This is a race for the middle market, with the added spice that some of the major players of the new-look Express were, until recently, major players for the opposition. Richard Addis, the editor-in-chief, was until November an associate editor of the Daily Mail. Stephen Grabiner, the managing director, was poached from the Telegraph group in May. Meanwhile, Ian Birrell, deputy editor of the Sunday Express, has gone the other way, to the Daily Mail.
In recent times the Daily Mail, with its abundant resources and fiendishly clever management, has seemed impregnable. But Addis, one of the paper's former stars, really believes he can beat it. "I think the Mail has all sorts of disadvantages," he says.
"For some reason it's almost sacrilegious to say this, but nobody loves the Mail. Its soul, if you like, is really ugly, an off-putting thing, mean and bullying. I remember the Polly Toynbee thing [when the private life of The Independent's left-leaning associate editor was investigated by the Daily Mail]. It was like tearing wings off a fly. The quality of the paper itself is not that brilliant. The news is boring and I think the features have got worse.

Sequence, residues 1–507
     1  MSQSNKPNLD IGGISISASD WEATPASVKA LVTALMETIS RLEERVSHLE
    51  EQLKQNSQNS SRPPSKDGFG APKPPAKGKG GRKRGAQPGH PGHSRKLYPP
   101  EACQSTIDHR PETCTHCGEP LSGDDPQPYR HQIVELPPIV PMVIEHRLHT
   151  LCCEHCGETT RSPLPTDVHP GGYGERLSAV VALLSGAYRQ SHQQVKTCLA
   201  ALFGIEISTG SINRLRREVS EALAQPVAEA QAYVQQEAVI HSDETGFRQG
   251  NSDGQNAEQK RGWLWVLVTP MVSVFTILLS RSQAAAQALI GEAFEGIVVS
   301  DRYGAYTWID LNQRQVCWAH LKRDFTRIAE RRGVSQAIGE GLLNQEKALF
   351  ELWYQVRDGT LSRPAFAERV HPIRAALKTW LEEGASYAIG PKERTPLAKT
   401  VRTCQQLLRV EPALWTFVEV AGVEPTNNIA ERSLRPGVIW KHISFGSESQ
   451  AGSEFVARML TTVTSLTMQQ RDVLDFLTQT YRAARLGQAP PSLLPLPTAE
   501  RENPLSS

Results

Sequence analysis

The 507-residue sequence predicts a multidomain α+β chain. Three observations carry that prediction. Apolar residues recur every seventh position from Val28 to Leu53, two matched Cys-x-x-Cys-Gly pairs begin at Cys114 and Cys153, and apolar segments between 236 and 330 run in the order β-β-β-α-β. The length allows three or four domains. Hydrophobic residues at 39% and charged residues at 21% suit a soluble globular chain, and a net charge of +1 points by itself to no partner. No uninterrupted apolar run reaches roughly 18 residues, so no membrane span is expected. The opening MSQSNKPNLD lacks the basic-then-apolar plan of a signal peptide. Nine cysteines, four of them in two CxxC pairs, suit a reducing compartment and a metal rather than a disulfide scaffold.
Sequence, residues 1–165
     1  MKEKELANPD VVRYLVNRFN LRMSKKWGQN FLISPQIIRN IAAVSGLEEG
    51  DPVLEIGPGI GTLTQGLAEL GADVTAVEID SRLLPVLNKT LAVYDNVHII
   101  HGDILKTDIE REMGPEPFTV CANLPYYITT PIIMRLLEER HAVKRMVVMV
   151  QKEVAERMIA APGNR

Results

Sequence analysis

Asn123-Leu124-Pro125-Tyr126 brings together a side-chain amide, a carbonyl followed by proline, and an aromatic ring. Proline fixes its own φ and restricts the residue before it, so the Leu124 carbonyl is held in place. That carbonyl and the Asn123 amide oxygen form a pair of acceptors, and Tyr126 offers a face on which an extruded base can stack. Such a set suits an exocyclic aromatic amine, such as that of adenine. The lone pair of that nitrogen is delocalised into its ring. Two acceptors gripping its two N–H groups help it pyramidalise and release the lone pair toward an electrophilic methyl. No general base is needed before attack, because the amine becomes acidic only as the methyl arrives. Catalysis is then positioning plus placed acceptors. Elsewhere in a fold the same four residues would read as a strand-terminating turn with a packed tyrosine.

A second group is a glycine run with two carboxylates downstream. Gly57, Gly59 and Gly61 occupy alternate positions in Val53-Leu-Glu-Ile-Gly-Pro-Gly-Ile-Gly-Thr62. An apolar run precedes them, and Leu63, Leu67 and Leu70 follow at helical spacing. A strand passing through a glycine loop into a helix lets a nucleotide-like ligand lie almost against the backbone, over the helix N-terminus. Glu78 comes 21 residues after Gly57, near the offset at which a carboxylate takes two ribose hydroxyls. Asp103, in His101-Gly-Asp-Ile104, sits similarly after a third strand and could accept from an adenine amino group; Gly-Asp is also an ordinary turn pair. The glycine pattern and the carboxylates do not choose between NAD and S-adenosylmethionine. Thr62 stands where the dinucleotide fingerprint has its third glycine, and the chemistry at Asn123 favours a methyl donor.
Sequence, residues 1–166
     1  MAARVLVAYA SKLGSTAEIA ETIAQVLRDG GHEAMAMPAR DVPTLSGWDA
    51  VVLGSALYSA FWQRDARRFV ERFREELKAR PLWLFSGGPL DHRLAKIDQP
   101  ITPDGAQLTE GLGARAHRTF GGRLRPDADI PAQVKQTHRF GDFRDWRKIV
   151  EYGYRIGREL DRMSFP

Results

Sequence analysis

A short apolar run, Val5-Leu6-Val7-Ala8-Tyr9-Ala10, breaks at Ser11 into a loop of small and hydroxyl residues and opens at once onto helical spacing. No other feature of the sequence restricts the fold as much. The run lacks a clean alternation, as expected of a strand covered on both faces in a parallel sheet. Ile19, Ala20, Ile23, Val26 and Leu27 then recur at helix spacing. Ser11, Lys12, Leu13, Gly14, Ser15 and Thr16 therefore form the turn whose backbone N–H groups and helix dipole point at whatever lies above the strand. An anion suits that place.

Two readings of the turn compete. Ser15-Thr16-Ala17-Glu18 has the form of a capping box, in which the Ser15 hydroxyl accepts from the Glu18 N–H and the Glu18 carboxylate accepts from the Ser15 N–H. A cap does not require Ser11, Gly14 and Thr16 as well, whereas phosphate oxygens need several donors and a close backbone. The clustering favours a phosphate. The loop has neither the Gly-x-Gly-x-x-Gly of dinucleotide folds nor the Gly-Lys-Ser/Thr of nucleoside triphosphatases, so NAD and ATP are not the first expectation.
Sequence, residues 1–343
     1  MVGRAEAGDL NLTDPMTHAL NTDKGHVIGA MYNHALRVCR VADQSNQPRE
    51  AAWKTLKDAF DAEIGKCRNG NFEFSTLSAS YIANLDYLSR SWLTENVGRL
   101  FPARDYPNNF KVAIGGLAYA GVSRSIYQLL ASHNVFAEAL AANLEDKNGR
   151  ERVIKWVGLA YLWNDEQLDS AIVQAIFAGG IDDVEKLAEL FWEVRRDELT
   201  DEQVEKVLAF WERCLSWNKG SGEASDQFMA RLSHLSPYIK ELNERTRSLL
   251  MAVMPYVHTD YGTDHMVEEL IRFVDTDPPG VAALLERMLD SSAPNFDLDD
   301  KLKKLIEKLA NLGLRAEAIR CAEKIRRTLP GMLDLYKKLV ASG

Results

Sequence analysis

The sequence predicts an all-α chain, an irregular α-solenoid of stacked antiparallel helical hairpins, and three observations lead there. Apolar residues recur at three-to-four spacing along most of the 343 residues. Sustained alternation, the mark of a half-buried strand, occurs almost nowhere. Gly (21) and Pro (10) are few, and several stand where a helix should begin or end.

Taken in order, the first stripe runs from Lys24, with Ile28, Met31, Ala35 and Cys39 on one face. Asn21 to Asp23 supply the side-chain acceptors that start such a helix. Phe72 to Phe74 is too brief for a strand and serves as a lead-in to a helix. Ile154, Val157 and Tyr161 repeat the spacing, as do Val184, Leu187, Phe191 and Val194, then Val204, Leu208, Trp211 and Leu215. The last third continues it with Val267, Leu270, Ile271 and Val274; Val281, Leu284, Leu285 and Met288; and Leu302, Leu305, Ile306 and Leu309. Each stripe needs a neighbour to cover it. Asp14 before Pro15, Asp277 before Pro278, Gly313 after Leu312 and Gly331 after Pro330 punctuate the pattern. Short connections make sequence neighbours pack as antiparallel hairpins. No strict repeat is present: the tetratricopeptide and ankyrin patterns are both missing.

"What is so great about the Mail? Nothing. Also, its internal structure is a real problem for them; they've got layers and layers of executives, all of whom hate each other and are deeply ambitious, who have put their lives into the Mail, and for whom there is no prospect of promotion because the editor [Paul Dacre] is going to stay there for ever. It's not the happiest of offices."